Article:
Developing Great Content: SES San Francisco 2010

Aug 18, 2010 | 1,969 views | by Navneet Kaushal
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Finally, the last session of the day….God, it has been a long day! Given the speaker list, there will be no time to nap in this one too icon smile Developing Great Content: SES San Francisco 2010

Moderator:

Greg Jarboe, President & Co-Founder, SEO-PR

Speakers:

Wendi Sturgis, VP, N. America BD and Partnership Group, Yahoo!

Heather Lloyd-Martin, CEO, SuccessWorks

Rand Fishkin, CEO, SEOmoz.org

Michael DeHaven, SEO Product Manager, Bazaarvoice

The session begins with the often repeated wisdom “content is still king.” The point of repeating this is to draw attention to the new ways of content creation and syndication, such as user generated content, Youtube videos, blogs, social media (Twitter etc) among others.

Content production is intensive and expensive. But it is crucial to over all user experience. The “Purinas” and “Walmarts” are becoming content producers. Wendi also courts complements for Yahoo’s content generation efforts and Rand hands it to her.

The definition of content itself is changing. User generated content and social media are becoming more important than ever before. There is social stream, related searches, trending, images and fair use content, all are great sources of content.

Wendi Sturges also informed that Yahoo is launching a Beta for an extensive content network which addresses all of the above components and not just traditional articles etc.

Michael from Bazaarvoice stresses on the important of user generated content. Upto 80% of the content on most of the commerce sites is user generated. This helps keep the site content fresh and increases site value. You can ask your users to add content too. He also cites examples where UGC results nearly doubled sales of products and increased search traffic by 17 percent. This also added fresh content over a long period of time without any additional cost or effort from the webmaster’s side.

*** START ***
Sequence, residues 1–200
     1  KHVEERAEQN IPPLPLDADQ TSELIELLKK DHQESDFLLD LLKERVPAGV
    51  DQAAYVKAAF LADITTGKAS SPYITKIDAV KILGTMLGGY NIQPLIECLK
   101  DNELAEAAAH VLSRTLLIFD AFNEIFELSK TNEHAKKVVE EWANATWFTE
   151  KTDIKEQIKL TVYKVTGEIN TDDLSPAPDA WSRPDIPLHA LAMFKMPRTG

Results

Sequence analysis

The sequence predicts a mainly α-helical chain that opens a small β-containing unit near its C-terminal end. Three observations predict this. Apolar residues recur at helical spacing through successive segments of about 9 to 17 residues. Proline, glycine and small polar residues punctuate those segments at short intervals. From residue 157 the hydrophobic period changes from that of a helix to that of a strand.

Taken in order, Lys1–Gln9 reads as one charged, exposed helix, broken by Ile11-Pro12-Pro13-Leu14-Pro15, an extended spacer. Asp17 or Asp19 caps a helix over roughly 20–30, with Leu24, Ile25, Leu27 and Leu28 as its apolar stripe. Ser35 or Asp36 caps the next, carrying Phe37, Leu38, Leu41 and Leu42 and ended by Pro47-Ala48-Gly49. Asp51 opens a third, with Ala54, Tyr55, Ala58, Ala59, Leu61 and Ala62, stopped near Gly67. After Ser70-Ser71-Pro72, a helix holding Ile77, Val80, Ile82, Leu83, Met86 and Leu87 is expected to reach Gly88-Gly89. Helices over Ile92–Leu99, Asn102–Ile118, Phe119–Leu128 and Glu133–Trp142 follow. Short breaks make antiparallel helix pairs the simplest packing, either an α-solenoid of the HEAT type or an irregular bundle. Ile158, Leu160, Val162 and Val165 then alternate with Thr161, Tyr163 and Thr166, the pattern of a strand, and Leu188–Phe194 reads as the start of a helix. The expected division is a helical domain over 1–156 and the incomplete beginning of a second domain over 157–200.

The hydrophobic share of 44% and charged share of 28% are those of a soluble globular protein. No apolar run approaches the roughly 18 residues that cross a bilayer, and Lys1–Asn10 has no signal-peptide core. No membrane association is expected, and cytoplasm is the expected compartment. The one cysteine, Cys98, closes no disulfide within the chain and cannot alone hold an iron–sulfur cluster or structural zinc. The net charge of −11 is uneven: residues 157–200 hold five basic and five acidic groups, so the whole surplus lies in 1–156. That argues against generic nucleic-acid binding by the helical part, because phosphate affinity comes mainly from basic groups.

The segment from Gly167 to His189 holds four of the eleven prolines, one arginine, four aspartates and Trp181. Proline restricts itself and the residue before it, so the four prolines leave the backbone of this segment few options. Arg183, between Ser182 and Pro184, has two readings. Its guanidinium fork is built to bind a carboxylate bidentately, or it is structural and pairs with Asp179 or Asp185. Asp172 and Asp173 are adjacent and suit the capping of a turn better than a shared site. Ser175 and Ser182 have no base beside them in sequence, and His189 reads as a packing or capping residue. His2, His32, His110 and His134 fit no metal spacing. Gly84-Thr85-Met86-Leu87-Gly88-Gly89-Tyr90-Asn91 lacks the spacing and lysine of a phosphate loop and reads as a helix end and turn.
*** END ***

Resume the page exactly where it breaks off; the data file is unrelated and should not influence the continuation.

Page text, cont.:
Rand Fishkin is up next.

  1. Focus on individual rankings as against long tail.He suggests identifying one’s weak and strong metrics to see where one should add more content and links.
  2. While selecting keywords, analyze whether the rewards are worth the benefits. You need to establish the optimization techniques you need. If you can target some keyword with exact match domains, you can consider that too.
  3. Widgets and badges are a great way of getting in quality natural links in exchange for good content. Create great content that others will like to link to and let others use it.
  4. Video results and Youtube are great ways of getting rankings and cost much less. Local maps and image search results can be focused on too.
  5. Getting into news results is easy these days too. It might not be that way for long.
  6. You can also use blogging, Twitter and user generated content as content that helps in your conversions and rankings.
  7. Conversion rates can be increased by putting high priced products to the left and the lower priced ones to the right, so that by the time the visitor gets there, it’s considered as a bargain.

Heather is next in line.

She stresses the role of psychology and profiling in content writing and SEO. Creating customer personas are important, trying to understand why they go online and what they are looking for. Don’t hide the benefits you offer, don’t make it hard to find. Make the end benefit simpler to understand and easier to find because that is what the visitors are looking for.

In content writing, one has to combine the power of benefits with the keywords. She cites Brookstone as a good example of how successful sales process works. It is complete with powerful titles, videos, descriptions, product reviews and else that a buyer might need to know.

Lastly, the QA session.

How successful is user generated content from third party sites?

Rand thinks it’s rare but Wendi pushes forwards the case of Yahoo Answers where it can be useful.

How to handle a blog which no one wants to read but is useful for content?

You can call them articles and change blog into a resource center.

Gawd… did I miss anything? Must have, but the session is over and nothing is going to stop me now! Will see you tomorrow.

Developing Great Content: SES San Francisco 2010, 5.0 out of 5 based on 1 rating
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Navneet Kaushal

Navneet Kaushal is the founder and CEO of PageTraffic, an SEO Agency in India with offices in Chicago, Mumbai and London. A leading search strategist, Navneet helps clients maintain an edge in search engines and the online media. Navneet's expertise has established PageTraffic as one of the most awarded and successful search marketing agencies.
4.thumbnail Developing Great Content: SES San Francisco 2010
4.thumbnail Developing Great Content: SES San Francisco 2010